Archdiocese Settles Jacksonville Lawsuit Involving Archimandrite
BOSTON- The Greek Orthodox Archdiocese of America reached an out-of-court settlement in a legal case involving the former presiding priest of the Church of St. John the Theologian of Jacksonville, Fl. The Very Rev. Nicholas Graff, 52, who had served as pastor at the Saint John the Divine Church for 17 years, had been accused of pedophilia.
On May 6, an Archdiocesan news release stated “The Greek Orthodox Archdiocese of America announced today that the lawsuit brought by Jacksonville, Fl. plaintiffs in September 2007 has been settled.”
The trial was scheduled to begin on Monday, June 8. The Archdiocese was accused in the lawsuit, which alleges that, “At all times, the Archdiocese was aware of defendant Graff’s misconduct and sexual propensities.” However, there has been no finding of fault or liability against the Archdiocese.
Prior to the September 2007 lawsuit, based upon allegations of inappropriate behavior, Fr. Nicholas Graff was placed on suspension on June 13, 2007.
The suspension remains in force and prohibits him from acting in any liturgical, pastoral, administrative or other official capacity within the Orthodox Church.”
Archimandrite Nicholas Graff resigned from the Jacksonville parish in June 2007. The Archimandrite was a candidate to become a Bishop, and he was even placed on the three-person ballot at least twice thus far.
On January 23, an out of court settlement was reached between the alleged victim and the St. John the Theologian Greek Orthodox parish for an undisclosed amount.
According to the text of a lawsuit Father Graff met a boy, named in the lawsuit as “John Doe,” some 14 years ago. The boy was only 10 years of age at the time, “was born on September 18, 1985, and was a parishioner at defendant Orthodox Church.”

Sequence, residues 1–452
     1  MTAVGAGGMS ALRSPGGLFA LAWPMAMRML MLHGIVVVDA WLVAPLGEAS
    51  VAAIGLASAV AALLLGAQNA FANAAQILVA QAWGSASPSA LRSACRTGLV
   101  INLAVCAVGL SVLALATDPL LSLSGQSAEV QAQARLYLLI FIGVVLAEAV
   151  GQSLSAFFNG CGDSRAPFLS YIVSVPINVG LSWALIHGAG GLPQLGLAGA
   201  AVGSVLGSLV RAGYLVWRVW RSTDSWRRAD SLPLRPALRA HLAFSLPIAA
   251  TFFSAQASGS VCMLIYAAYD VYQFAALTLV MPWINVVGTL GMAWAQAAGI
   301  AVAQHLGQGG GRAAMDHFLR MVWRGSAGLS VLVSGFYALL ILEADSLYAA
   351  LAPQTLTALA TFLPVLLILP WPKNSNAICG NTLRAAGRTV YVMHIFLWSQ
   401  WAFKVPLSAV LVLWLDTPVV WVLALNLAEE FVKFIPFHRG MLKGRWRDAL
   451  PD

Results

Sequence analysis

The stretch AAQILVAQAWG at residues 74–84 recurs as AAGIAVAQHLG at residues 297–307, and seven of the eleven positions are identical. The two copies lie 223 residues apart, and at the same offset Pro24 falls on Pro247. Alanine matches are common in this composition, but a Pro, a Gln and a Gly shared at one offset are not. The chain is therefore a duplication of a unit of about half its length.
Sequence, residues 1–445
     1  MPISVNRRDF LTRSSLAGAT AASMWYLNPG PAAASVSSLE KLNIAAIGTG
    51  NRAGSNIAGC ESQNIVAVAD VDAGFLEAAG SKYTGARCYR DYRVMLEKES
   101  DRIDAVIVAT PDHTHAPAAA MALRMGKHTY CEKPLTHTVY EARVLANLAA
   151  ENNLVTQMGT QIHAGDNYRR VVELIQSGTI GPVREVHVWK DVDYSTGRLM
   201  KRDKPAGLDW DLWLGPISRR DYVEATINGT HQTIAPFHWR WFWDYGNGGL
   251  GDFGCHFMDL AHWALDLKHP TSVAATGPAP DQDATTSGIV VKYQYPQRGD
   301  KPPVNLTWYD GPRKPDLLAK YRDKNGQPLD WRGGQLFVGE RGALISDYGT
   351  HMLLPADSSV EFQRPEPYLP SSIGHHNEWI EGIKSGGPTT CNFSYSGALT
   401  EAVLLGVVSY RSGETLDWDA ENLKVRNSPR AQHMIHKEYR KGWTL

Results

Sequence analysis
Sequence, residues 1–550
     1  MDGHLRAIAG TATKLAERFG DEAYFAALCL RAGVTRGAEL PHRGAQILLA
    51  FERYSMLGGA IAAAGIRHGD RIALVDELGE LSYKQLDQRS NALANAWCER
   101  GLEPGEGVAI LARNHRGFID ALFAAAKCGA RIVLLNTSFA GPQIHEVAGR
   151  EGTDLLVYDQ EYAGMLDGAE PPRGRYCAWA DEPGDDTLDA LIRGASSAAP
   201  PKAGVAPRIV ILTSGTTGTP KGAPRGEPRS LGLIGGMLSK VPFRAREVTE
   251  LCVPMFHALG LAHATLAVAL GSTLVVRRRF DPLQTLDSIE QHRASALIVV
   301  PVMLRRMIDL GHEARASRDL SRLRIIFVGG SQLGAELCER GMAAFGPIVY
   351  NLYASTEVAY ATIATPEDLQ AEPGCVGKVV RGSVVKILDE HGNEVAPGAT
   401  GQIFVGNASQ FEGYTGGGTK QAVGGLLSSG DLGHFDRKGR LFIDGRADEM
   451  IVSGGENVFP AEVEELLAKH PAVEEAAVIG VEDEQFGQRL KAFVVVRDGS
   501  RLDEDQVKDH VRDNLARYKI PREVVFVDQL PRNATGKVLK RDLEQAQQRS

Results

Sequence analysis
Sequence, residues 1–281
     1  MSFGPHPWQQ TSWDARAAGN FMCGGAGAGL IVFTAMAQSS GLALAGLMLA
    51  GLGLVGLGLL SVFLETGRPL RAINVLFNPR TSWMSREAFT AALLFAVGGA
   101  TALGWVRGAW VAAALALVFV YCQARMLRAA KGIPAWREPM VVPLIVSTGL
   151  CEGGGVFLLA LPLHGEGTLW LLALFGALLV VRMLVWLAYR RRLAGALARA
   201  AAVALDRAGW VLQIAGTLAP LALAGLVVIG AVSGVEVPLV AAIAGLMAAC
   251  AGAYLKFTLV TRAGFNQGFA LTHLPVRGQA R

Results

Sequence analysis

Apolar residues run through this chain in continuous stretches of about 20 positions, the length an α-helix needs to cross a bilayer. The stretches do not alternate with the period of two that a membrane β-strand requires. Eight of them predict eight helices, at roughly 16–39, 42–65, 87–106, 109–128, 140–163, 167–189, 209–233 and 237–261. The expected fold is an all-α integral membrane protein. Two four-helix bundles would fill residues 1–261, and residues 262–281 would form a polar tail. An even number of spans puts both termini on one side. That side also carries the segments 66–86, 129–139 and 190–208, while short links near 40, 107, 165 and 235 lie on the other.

The lawsuit alleges that when the boy was a teenager, Father Graff began exhibiting “undue, obsessive and inappropriate interest in him, including but not limited to, taking the plaintiff to and from school every day; purchasing an automobile for the plaintiff; purchasing clothing for the plaintiff; giving the plaintiff $500 per week over a six-year period; paying travel expenses, phone bills and tuition for the plaintiff; and inducing the plaintiff to move into the defendant’s residence.
According to court documents, “when Doe was 16 years old, Defendant Graff’s obsessive and inappropriate behavior towards Plaintiff Doe escalated into sexual misconduct. All instances of sexual misconduct by Defendant Graff were unprovoked, without consent, and were harmful and offensive to Plaintiff Doe.” The lawsuit also stated, “in August 2005, defendant Graff sexually assaulted plaintiff Doe” and “sought to formally adopt plaintiff Doe,” but the mother refused.
The alleged victim is 24 years old today, and is a Greek Orthodox Christian, according to members of the GOA hierarchy. Priests who spoke to TNH on the condition of anonymity said, “The issue was somewhat known in Florida.” The lawsuit stated that Father Graff’s alleged victim “required hospitalization, therapy and counseling, and will be required in the future to seek medical care and counseling, and incur future costs and expenses.”